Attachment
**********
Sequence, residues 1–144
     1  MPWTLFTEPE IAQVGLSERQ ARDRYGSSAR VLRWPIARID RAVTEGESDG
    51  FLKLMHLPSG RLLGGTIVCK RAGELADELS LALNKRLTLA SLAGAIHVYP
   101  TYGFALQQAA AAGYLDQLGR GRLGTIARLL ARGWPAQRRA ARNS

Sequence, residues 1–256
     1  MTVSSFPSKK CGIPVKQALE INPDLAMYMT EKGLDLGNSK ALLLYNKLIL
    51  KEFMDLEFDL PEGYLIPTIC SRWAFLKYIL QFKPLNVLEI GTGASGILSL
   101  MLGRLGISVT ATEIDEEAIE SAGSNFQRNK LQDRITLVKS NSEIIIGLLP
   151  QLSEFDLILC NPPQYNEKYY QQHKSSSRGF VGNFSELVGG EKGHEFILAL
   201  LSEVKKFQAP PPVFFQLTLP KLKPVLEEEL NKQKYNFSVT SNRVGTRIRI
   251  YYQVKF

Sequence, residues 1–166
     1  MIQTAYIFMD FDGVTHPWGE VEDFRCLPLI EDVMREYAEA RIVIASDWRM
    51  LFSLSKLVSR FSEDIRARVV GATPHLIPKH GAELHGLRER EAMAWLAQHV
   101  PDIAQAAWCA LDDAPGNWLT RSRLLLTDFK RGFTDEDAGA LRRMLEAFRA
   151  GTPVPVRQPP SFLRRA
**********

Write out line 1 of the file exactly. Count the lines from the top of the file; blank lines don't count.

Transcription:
Sequence, residues 1–144